Ensuring its ability to bring in capital during the next two years regardless of market conditions, Cell Therapeutics Inc. signed a committed equity financing deal with a Parisian bank for up to $72 million.

Under the terms of the step-up equity financing agreement, Societe Generale will purchase up to €45 million of new company shares over a 24-month period, with the option to increase that amount to €60 million (US$72 million), and would sell those shares on the Italian market. The arrangement will allow Cell Therapeutics the flexibility to raise funds as needed, and the company is not obligated to draw down any of the funds.

The Seattle-based company, which could not be reached for comment, reported a net loss of $53.2 million for the first quarter - $27.3 million from operations and the remaining $30 million coming from debt-related costs, a settlement payment and restructuring expenses. As of March 31, it had cash and short-term investments totaling $50.3 million, but added about $31.2 million in net proceeds from the April sale of 7.5 percent convertible senior notes due 2011 to fund clinical work, research and development and the filing of new drug applications, the first of which is expected during the first half of 2007.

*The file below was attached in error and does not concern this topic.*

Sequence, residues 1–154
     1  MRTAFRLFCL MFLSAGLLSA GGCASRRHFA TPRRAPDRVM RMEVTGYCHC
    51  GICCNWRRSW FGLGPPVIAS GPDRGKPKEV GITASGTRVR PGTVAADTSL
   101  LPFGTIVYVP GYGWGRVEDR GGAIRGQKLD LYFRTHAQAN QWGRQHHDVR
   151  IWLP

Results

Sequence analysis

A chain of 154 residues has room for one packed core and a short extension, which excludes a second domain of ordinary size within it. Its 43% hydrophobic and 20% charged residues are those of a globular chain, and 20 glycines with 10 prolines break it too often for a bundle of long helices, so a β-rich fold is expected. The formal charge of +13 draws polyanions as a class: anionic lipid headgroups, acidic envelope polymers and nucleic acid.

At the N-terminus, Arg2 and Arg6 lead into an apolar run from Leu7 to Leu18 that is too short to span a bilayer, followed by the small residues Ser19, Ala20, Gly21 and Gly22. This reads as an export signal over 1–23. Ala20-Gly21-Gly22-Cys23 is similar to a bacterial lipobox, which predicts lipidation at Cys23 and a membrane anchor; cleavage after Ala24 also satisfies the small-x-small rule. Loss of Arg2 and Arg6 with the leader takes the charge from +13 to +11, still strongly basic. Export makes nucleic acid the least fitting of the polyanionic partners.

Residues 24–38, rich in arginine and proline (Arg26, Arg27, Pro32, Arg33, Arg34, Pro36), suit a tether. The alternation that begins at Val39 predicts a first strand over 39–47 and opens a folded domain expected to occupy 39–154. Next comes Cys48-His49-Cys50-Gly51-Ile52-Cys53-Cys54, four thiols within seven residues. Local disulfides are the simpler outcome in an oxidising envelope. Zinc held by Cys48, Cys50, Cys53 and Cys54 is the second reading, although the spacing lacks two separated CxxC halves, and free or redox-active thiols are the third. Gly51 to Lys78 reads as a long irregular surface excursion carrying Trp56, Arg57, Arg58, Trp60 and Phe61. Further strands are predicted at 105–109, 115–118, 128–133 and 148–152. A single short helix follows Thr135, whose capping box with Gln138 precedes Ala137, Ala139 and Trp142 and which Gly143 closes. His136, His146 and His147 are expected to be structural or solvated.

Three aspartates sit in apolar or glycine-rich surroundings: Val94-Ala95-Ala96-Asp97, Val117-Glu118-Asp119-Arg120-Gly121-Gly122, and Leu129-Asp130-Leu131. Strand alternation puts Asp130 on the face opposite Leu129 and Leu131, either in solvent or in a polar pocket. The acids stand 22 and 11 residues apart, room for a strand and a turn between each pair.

Though the company ran into trouble with its cancer drug, Xyotax (paclitaxel poliglumex), last year after Phase III results in patients with non-small-cell lung cancer failed to show a 30 percent improvement in survival, it managed to rebound with promising data in a subset of female patients with poor performance status (PS2). Cell Therapeutics recently reported that the FDA agreed to review an NDA submission of Xyotax, provided that it includes interim data from a confirmatory study in women only.

The PIONEER trial is expected to enroll 600 PS2 chemotherapy-na ve women with advanced NSCLC to be randomized to receive either Xyotax or paclitaxel every three weeks. The primary endpoint is overall survival.

Xyotax also is being evaluated in a Phase III trial in advanced ovarian cancer and in a Phase I study of esophageal and gastric cancer.

Behind Xyotax, the company is in late-stage development with pixantrone, which is designed to improve the activity of anthracyclines. The drug is in an ongoing Phase III study in aggressive non-Hodgkin's lymphoma.

Earlier this year, Cell Therapeutics reported preliminary results of a Phase I/II study of pixantrone combined with fludarabine, dexamethasone and rituximab (Rituxan, from South San Francisco-based Genentech Inc. and Cambridge, Mass.-based Biogen Idec Inc.). Those data demonstrated a 95 percent overall response rate, with 77 percent of patients experiencing complete disappearance of their tumors.

Pixantrone also is in development in refractory acute myelogenous leukemia.

A third drug candidate, CT-2106, is in Phase I/II testing in combination with 5-fluorouracil/folinic acid in metastatic colorectal cancer patients who have failed a regimen of oxaliplatin plus 5-FU/FA. The company is evaluating CT-2106, a camptothecin attached to a polyglutamate polymer, in other trials in advanced ovarian cancer and solid tumors.

The company's shares (NASDAQ:CTIC) closed at $1.44 Wednesday, up 5 cents.

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